Director: Ulrich Seidl
Writers: Ulrich Seidl, Veronika Franz
81min Doc Austria
After exploring the sex lives of a three contemporary women (Love, Hope, Paradise), Austrian maverick, Ulrich Seidl, plumbs the domestic cellars of his homeland for more outrageous material in his latest documentary Im Keller (In The Cellar). A word normally applied to horror film ‘unheimlich’ describes these underground ‘cribs’ that are the total opposite of cosy: translating as ‘uncanny’ but literally meaning ‘unhomely’ – it seems a particularly appropriate way to describe Seidl’s discoveries. The opening sequences make increasingly bewildering viewing, as we meet group of characters who appear only too happy to share with us their unusual habits and hobbies in this subterranean world. With his regular collaborator Veronika Franz, Seidl’s preoccupation with obesity, nudity and S&M goes hand in hand with religious bigotry and undercover Nazis (Hitler was, of course, Austrian) – all are alive and kicking in the homes of everyday Austrian folk.
Indie and art house audiences with a penchant for the macabre and Seidl’s dark brand of humour will certainly flock to see Im Keller even though it is, in parts, a sight for sore eyes. It certainly proves that in Austria as well as Yorkshire there’s ‘nowt so queer as folk”. One woman hides a series of baby-like dolls in cardboard boxes. As she mollycoddles and soothes them in the basement of the house, her Nazi husband sits upstairs under a prized portrait of Hitler, given as a wedding present: “unwrapping it, I nearly went out of my mind”, he comments with zeal. Another man uses his cellar to house his collection of ‘small game’ trophies (of antilope, kudu etc) and hones his skills at shooting with some target practice and a series of lethal firearms.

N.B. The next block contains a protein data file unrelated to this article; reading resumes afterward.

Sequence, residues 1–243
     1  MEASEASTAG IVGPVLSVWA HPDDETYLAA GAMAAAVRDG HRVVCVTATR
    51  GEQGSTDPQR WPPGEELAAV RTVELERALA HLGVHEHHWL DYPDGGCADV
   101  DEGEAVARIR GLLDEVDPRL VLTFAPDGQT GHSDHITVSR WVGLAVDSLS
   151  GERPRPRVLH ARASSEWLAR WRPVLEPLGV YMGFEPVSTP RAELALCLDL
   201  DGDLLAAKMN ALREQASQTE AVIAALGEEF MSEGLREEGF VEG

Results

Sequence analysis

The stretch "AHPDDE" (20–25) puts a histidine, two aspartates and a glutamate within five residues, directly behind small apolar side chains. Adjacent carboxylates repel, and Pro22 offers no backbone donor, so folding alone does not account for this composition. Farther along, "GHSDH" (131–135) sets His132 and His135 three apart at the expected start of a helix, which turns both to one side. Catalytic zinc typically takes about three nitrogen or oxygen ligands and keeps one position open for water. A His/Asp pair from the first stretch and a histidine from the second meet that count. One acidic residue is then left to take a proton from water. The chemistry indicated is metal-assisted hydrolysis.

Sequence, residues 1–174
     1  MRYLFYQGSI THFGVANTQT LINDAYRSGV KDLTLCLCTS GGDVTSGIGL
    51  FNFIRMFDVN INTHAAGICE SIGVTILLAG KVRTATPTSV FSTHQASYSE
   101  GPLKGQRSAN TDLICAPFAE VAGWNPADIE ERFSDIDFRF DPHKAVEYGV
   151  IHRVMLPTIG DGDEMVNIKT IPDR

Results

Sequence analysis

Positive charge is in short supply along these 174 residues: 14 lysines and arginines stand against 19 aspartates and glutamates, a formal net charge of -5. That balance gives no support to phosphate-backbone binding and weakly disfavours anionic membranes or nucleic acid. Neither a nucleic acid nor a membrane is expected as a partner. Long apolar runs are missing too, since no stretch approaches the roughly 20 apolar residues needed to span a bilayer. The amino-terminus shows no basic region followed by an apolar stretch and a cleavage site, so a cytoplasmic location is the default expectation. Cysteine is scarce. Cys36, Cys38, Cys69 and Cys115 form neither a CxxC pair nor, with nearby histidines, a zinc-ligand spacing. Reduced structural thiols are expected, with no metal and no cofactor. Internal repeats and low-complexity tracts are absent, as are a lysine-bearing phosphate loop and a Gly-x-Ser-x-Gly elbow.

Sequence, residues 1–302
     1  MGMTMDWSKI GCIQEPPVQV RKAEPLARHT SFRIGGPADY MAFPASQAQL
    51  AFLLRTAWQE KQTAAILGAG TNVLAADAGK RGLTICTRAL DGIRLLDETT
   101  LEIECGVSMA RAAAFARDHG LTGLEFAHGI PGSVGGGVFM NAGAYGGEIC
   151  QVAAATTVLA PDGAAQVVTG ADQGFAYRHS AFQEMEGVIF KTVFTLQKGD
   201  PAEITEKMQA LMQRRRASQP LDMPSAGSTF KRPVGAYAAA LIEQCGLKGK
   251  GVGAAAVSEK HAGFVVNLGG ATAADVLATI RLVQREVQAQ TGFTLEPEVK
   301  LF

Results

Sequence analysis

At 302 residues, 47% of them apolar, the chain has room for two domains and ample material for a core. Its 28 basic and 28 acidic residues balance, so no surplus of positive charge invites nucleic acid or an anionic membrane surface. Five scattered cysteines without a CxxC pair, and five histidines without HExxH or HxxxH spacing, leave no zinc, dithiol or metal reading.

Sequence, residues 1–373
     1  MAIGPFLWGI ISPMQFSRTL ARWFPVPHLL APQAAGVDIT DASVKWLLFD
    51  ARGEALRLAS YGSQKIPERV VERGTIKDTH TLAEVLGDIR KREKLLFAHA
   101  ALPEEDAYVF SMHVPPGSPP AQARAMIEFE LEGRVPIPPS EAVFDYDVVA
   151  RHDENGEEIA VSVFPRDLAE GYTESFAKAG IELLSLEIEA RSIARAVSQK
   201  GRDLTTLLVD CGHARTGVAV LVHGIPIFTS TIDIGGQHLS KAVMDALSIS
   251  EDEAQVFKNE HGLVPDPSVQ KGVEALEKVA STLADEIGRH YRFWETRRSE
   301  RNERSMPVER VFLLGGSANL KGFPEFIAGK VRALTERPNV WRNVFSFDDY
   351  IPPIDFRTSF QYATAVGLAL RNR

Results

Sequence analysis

As we progress through the ranks of weirdos indulging their obsessions below stairs, Seidl moves onto more x-rated material. A couple who enjoy extreme sexual role-play (BDSM) explain and demonstrate the ethos behind their proclivities: “trust is the most vital element”. Another woman takes us through the bondage routines involved in being a sexual masochist – it emerges, ironically, that during the day she works in a centre for abused woman. All this is captured through Martin Gschlacht’s cold-eyed lens, with Seidl’s eerie trademark fixed framing, seen in previous outings. The phrase ‘cognitive dissonance’ springs to mind all through this odd documentary. Seidl’s treatment of his subject-matter is completely dead pan and non-judgemental and the juxtaposition of these grotesque images and the gallows humour will make you squirm in your seats. MT
IM KELLER is showing at the VENICE INTERNATIONAL FILM FESTIVAL from 27 August until 6 September 2014. FOLLOW OUR COVERAGE UNDER THE FESTIVALS BANNER.